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The federal government began overseeing the salaries of GM executives in 2009 along with those at other companies who received bailout funds under the so-called TARP program.  Most of those firms have since paid off their loans and are no longer subject to the review of a federal pay overseer.  But GM — which is still 26.5% owned by the Treasury – is still covered, as are Ally Financial, the former GMAC, and giant AIAG.


Big Payday for GM’s Akerson

But payout is a pittance compared to Ford’s Mulally.

by on Mar.20, 2012

GM Chairman and CEO Akerson won't be able to cash out for several years.

General Motors Chairman Dan Akerson is getting a big payday – though he won’t be able to cash the check for a couple of years.

Akerson, who also serves as GM’s chief executive has been awarded 76,249 shares of restricted stock, according to paperwork the maker has filed with the federal government –which still owns about a third of GM’s stock and has oversight on pay issues for the company’s top executives.

Based on the recent price range for GM stock that would work out to somewhere around $2 million — $1.94 million, to be precise, based on what the shares closed at on Monday.  But if GM stock comes close to the $33 it commanded when the maker held its November 2010 IPO that would add more than $500,000 to the payout.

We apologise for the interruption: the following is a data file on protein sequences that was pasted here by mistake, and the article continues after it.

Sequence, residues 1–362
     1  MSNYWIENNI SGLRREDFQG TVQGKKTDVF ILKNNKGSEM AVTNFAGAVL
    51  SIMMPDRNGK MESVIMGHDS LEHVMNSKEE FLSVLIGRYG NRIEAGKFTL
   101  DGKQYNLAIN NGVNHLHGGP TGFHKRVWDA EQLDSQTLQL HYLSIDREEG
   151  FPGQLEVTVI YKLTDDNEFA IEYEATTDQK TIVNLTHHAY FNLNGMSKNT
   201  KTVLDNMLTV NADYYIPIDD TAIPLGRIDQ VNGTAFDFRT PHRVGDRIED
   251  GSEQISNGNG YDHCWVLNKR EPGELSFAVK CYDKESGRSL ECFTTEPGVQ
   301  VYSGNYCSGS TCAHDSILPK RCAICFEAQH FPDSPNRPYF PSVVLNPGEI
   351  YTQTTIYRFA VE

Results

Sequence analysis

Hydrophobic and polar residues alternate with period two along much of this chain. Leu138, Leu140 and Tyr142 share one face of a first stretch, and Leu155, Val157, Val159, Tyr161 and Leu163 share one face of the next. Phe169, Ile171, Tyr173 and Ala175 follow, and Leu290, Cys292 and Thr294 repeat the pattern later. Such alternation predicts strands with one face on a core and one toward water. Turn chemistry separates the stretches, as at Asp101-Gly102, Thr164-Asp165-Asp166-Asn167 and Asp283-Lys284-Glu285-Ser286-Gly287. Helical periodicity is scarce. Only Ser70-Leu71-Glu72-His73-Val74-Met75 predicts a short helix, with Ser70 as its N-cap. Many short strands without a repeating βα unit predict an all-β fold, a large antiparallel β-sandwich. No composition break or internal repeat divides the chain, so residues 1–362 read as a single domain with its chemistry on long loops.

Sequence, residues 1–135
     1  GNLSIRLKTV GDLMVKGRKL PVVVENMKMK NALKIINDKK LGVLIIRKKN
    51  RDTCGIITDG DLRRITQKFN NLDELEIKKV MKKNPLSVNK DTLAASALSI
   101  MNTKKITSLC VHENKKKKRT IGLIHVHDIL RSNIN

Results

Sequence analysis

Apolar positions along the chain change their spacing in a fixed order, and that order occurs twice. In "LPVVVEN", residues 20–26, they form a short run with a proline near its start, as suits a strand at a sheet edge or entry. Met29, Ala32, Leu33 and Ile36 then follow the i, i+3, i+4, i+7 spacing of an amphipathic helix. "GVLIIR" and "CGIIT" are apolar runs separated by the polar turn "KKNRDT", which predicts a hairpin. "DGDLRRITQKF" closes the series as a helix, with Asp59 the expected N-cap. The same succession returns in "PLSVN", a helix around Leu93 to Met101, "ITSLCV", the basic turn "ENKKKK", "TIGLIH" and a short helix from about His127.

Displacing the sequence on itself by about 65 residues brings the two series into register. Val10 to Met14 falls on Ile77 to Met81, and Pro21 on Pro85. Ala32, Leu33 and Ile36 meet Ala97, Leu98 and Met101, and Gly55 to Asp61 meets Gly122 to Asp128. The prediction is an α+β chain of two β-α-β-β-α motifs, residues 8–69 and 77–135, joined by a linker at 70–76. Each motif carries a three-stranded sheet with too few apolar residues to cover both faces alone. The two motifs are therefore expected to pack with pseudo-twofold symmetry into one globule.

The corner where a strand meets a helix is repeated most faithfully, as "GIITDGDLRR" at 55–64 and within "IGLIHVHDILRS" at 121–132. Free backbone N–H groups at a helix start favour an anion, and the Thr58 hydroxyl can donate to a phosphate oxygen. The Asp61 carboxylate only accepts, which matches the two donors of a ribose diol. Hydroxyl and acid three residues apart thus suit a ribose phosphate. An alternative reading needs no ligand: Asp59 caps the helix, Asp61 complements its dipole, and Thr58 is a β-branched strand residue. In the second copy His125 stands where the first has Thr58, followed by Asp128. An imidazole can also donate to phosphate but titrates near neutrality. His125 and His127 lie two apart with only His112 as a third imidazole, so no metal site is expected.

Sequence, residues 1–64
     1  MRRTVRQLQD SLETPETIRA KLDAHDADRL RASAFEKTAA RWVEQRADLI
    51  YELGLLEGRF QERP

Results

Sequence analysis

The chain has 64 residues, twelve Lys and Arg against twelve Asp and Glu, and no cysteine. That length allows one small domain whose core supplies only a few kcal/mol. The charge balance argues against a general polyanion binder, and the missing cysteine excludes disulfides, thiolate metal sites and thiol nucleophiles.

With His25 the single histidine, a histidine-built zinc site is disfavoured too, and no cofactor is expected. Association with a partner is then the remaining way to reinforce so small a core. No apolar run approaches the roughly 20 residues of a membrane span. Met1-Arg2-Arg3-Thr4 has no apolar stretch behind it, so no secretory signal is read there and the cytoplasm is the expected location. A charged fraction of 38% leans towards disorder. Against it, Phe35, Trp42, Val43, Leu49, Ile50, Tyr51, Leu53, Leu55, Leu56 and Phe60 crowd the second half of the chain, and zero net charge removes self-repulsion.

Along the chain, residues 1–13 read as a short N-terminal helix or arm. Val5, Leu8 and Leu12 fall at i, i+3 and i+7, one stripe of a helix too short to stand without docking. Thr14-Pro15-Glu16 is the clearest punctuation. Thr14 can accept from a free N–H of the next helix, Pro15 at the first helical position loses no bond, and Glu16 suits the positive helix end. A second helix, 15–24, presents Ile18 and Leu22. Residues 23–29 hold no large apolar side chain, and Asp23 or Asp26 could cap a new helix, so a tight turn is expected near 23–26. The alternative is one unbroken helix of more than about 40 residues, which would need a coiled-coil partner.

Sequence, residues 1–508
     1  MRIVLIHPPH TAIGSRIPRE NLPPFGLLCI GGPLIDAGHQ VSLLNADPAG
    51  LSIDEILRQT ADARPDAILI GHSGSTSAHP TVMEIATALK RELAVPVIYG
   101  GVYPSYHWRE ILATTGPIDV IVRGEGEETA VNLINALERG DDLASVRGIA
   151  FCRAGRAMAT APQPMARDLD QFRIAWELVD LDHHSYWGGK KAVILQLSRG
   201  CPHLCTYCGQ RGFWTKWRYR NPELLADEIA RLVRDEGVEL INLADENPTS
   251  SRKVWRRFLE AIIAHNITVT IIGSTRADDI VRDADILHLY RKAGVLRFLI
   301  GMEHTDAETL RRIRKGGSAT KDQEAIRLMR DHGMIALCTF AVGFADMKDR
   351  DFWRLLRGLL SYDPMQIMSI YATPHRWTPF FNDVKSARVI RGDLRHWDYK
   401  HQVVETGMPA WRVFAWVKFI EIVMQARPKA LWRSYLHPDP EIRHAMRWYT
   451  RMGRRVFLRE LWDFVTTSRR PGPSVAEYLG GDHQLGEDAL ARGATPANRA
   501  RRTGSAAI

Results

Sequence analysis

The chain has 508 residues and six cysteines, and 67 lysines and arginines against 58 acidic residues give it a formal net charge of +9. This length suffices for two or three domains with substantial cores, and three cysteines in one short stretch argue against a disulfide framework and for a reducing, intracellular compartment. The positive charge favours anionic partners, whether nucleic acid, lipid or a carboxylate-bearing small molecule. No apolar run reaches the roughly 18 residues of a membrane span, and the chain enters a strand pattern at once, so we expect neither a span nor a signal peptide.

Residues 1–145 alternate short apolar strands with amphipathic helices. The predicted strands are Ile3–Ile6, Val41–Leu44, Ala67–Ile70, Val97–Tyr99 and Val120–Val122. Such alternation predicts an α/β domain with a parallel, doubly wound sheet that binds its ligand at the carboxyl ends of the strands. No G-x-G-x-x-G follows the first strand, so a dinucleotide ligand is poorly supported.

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Akerson will have time to wait and see, as he cannot cash in for several more years.  He can convert two-thirds of the award to common stock on March 15, 2014 and the rest a year later.  And he will have to remain a continuous GM employee for the duration or risk losing his stock bonus.


GM Will Halve Its Platform, Engine Count

Saving could top $1 billion annually.

by on Aug.10, 2011

New GM car czar Mary Barra.

General Motors plans to slash by half the number of underlying platforms it uses worldwide by 2018, while ordering a similar reduction in the number of engine variants in its line-up, the maker says.

It’s all part of an effort to reduce costs by as much as $1 billion annually, according to GM CEO Dan Akerson, who says the maker wastes far much time, effort – and money – on projects that either get canceled or which could share their basics with other GM programs.

“We’d be deep — halfway, two-thirds of the way through – on a project and we’d cancel it due to a weakening economy,” said the former Navy officer, who took the helm at GM early last year.  “The start-stop, on-again-off-again, herky-jerky nature of our product development process was very disruptive and it produced poor results.”

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Indeed, it has meant that many vehicles come out late and then don’t live up to customer expectations, added GM’s new product development czar Mary Barra.

“We end up being second, third, or at the back of the pack,” she said.